It's understandable why this may have happened. Frenchy made easier the grueling life (no snark) of a beat writer. Filling newspaper or World Wide Web pages with content on a daily basis is a challenge, and pleasantries from a fan favorite can help meet a word quota. Most bloggers don't create original content as often as Adam Rubin and co. do, but the concept is the same -- it's tough to write negative things about a person or organization that treats you so nicely. Martino posits that if bloggers step into those shoes then maybe they wouldn't be so willing to criticize terrible-but-friendly players, coaches and executives. And maybe he's right. I can't say for sure either way.
What I can say is the following: AA has been afforded access on numerous occasions. The conference call, press access at Citi Field for several games and a Mets Holiday Party invitation are a few examples. Despite this, I haven't noticed a dramatic shift in tone at AA, nor have any readers suggested as much. Although self-ombudsmanning, if that's a word, is a tough endeavor. Yes, the style here may have evolved a bit, but that's due more to the expansion of the writing staff rather than anything else. With ten front page writers, and countless other community members who produce front page quality material in the FanPosts and FanShots, there will be differing approaches and idiosyncrasies. However, that doesn't mean any future access wouldn't affect coverage. We encourage readers to point out any instances in which the Mets' blogger outreach may have affected the work here. If you read something indicating that AA has been de-clawed, please share your thoughts.
An aside and self-reminder: The extent to which access can improve a blogger's work is also a consideration. I have no interest in obtaining post-game bromides from the players ("We're taking it one game at a time") and it's likely that AA readers wouldn't care about that either. But a discussion with a player about something the AA community is curious about, such as Patrick Flood's talk with about his declining walk rate, is an example of a worthwhile exercise that would not be feasible while sitting in mother's basement. Extracting value from access is a meaningful topic, and one that is worthy of its own discussion on another day.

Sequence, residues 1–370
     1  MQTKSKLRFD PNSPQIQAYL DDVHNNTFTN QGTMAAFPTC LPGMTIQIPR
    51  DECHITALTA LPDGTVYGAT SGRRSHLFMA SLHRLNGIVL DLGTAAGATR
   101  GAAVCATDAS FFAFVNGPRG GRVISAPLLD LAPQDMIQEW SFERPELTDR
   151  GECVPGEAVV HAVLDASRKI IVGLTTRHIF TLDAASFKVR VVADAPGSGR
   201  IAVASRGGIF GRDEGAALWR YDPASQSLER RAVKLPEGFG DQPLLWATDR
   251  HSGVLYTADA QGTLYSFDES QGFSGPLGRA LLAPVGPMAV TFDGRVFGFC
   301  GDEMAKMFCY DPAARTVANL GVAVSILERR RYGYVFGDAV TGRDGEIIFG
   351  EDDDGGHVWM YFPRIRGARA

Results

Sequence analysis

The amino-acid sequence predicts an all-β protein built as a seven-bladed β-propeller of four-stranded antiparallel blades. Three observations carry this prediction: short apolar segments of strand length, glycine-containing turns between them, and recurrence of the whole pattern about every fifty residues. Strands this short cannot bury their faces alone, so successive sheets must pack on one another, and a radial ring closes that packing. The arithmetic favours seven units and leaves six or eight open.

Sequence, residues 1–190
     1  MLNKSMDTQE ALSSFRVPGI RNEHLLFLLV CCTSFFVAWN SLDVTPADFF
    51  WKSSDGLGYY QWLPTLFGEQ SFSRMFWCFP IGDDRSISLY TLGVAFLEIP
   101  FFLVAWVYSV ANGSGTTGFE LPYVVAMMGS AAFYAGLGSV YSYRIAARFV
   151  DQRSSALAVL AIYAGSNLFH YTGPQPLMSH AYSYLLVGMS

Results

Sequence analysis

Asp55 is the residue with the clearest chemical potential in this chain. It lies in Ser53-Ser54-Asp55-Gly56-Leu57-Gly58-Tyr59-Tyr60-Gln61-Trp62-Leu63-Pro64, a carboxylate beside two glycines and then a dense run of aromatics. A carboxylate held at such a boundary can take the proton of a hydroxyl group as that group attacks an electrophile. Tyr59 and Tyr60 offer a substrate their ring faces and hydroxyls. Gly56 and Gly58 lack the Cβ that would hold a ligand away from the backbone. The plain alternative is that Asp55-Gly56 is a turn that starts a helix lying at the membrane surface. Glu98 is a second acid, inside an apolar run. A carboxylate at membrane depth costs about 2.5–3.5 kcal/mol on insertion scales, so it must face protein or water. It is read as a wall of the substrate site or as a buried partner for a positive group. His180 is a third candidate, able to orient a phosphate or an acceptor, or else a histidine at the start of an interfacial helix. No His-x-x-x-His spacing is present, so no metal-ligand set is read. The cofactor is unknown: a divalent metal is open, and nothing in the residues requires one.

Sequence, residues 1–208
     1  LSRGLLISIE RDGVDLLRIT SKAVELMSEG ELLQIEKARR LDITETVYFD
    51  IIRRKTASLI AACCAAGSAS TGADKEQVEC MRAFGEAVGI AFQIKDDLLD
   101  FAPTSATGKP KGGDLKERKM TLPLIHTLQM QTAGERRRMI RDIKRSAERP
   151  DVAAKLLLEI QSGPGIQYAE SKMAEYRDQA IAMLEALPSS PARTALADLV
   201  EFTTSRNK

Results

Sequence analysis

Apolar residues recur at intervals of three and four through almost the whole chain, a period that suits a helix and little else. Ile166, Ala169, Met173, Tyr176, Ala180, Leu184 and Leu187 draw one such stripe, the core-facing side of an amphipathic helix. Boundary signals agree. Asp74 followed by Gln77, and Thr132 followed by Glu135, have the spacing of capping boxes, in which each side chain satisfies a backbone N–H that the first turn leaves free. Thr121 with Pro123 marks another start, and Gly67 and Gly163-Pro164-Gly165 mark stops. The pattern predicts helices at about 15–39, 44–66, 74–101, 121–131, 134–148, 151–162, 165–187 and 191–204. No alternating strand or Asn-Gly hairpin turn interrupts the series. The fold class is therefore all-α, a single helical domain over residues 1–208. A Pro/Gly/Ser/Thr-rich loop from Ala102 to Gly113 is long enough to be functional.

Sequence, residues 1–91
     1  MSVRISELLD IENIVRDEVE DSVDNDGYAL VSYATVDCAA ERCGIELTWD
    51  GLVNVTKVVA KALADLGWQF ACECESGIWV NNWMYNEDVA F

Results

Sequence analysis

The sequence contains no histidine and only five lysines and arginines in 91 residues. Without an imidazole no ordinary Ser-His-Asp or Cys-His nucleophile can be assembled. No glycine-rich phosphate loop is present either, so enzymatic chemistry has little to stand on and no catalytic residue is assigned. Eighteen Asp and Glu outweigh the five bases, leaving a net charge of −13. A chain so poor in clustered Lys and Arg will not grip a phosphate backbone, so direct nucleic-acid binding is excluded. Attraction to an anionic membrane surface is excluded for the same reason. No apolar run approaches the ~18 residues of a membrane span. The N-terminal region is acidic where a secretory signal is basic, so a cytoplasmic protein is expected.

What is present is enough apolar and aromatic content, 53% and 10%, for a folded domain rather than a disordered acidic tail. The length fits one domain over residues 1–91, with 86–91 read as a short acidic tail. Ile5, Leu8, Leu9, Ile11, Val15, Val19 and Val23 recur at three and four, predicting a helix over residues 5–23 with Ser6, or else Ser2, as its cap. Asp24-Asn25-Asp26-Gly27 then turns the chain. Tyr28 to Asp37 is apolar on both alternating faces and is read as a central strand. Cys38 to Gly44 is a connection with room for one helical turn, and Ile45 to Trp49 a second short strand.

Given the choice between no-disparagement-allowed access and First Amendment blogging, I'll always take the latter. Fortunately, the choices are not mutually exclusive. I can commend the Mets and AA favorite Sandy Alderson for reaching out to the blogosphere, while also criticizing a poor free agent signing. Just like frequent AA whipping boy Omar Minaya was praised when he made smart decisions. There is no personal agenda; there is a goal of intelligent analysis and commentary (and occasional immature MS Paintz).
On a more personal note, corruption via access would defeat the purpose of my foray into Mets blogging. This isn't a full-time job; neither the Mets nor a newspaper signs my paychecks. Mets blogging is a hobby, a hobby I am truly passionate about. Not an hour goes by that I don't think of an idea for a post or some way to improve AA. Pulling punches to suit the blogger-friendly Mets organization would betray that passion.
Now, will someone please write a blog post about this blog post, which was about another blog post about a blogger conference call? Thank you, and God Bless America.